Learning Personalized founder and creator Allison Zmuda was a guest on Principal Center Radio with Justin Baeder last week to discuss the concept and evolution of personalized learning, her current book, Learning Personalized, and her next book set to be released by the end of the 2016 calendar year.
Baeder wasted no time digging into the material, asking Zmuda to provide her definition of personalized learning to debunk countless misconceptions on the subject.
“One of the general problems right now is that personalized learning is used to promote software platforms, it’s used to promote tech initiatives, it’s used to promote a fair bit of texts and resources and materials,” she explained.
“From my point of view, personalized learning is really a progressively student-driven model where students engage in rich problems, challenges, and ideas. They have an opportunity to co-create learning experiences with a teacher as well as following through on those experiences.”
Since the term “personalized learning” is being used to describe individualized software platforms, incorrect conclusions are being drawn about the the concept. Personalized learning is not defined as a student engaging in a self-guided computer program, an idea that is scaring the general public into believing classrooms will no longer have a need for teachers.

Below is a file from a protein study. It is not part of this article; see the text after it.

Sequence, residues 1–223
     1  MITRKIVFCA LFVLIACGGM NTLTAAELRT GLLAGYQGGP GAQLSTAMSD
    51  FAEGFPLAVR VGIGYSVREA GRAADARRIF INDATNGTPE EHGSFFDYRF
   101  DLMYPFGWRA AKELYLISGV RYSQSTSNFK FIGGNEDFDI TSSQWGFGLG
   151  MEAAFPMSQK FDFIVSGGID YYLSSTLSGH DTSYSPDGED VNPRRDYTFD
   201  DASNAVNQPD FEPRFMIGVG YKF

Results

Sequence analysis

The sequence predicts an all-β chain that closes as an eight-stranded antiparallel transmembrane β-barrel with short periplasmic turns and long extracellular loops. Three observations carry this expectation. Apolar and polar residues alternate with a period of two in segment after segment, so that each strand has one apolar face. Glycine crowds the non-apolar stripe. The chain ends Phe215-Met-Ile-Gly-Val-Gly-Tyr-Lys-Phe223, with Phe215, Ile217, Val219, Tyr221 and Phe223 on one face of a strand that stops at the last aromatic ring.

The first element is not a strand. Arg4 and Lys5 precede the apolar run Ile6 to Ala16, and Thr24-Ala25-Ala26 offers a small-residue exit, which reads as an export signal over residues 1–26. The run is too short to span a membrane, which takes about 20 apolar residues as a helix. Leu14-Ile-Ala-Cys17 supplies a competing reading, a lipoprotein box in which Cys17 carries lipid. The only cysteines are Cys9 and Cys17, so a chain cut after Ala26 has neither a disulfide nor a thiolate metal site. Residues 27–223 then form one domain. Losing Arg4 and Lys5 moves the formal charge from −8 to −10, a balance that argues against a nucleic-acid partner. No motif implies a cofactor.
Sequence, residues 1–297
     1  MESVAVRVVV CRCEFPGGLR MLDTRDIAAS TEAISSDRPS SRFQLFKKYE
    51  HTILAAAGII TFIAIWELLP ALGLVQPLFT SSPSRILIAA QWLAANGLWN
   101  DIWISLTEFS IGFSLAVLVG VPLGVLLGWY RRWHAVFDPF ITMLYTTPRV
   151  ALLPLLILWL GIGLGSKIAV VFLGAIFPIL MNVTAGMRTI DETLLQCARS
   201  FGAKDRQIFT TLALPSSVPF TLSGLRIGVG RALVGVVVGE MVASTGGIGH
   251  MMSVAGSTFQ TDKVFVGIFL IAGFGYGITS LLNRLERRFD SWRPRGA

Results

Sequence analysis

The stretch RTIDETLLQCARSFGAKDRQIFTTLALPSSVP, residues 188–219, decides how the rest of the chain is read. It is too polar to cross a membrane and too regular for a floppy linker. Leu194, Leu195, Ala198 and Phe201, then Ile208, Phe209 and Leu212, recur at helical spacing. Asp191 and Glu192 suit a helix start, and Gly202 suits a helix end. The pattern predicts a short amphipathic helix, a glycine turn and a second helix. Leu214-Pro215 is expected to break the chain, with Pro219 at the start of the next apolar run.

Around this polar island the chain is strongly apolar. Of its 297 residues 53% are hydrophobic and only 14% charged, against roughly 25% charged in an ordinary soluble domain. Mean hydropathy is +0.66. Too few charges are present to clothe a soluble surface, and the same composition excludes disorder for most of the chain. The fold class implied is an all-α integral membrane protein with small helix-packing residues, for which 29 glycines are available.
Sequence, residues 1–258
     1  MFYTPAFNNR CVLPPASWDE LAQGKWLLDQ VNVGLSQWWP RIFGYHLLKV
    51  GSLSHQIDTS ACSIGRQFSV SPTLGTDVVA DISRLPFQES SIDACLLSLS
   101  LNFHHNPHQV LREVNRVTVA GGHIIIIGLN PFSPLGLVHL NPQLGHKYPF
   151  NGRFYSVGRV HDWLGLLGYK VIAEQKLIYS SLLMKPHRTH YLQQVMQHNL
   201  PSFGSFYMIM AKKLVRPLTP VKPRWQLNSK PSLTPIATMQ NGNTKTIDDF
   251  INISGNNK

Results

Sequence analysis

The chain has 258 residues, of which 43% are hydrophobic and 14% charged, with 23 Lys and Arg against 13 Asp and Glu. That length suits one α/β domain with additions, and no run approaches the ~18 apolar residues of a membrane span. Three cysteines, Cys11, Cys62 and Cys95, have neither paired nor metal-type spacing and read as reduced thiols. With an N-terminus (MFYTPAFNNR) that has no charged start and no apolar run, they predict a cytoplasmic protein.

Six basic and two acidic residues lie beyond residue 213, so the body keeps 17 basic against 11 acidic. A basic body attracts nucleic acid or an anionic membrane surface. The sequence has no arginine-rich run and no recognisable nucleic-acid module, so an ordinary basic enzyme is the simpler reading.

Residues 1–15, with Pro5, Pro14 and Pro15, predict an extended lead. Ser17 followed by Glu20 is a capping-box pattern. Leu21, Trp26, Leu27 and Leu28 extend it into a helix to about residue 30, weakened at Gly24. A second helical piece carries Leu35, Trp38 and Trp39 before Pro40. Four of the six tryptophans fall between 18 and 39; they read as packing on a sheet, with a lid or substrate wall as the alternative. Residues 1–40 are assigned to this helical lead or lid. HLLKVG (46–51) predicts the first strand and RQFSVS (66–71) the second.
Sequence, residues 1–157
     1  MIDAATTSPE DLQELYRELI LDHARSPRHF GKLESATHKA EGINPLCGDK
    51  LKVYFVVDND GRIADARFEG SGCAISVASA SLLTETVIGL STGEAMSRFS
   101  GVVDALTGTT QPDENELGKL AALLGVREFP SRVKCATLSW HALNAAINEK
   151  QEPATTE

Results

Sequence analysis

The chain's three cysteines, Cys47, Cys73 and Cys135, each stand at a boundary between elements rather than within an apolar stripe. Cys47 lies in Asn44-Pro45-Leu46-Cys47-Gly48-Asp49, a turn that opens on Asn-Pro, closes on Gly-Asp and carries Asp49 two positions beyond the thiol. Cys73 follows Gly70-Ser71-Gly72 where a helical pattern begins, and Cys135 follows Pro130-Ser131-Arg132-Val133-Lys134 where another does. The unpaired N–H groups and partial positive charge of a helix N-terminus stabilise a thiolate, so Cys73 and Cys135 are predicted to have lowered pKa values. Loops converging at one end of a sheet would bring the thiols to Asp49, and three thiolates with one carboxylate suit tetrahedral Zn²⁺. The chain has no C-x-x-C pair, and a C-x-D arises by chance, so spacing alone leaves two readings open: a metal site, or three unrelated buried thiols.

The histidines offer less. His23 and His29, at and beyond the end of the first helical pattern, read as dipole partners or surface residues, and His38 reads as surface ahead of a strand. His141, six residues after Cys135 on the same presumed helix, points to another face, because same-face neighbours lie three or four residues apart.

“That is something that I think is not healthy and not helpful for both students and adults,” says Zmuda.
Instead, personalized learning is a way to give students authority in their own learning, which will inspire them to work harder and achieve more.
“Students need to have the opportunity to engage in more substantive problems that tap into critical and creative thinking,” says Zmuda.
Schools Paving the Way
Zmuda gave two examples of educators paving the way for personalized learning in the United States.
The first is Jill Thompson of Charlotte-Mecklenburg Schools, a North Carolina district among the top 20 largest in the country. Thompson is generating change in her district with more than 50 schools engaged in some kind of personalized learning plan.
The second example Zmuda gave was Jessica Craig‘s third grade class, which she visited and wrote about on learningpersonalized.com. Craig is blogging her year on the Colorado school’s website, digging into her own challenges such as making her class math block exciting.
“As a classroom community, they worked hard to re-imagine their math block as the students and teacher identified that there was a lack of engagement and focus in the whole class mini-lessons,” wrote Zmuda in her blog.
“Jessica commented to me that she used to agonize for hours in the evening on how to approach a new assignment or how to improve an instructional practice that clearly wasn’t working. Now she includes students as part of the design process.”
An Exciting Partnership
“I’ll give you a sneak peek that personalized learning and Habits of Mind connect in the idea of the four filters,” explained Zmuda.
She goes on to highlight each of the four filters she and Kallick came up with: power of voice, co-creation, social construction, and self discovery.
Listen to Zmuda elaborate on each of these filters when you listen to her interview on Principal Center Radio with Justin Baeder.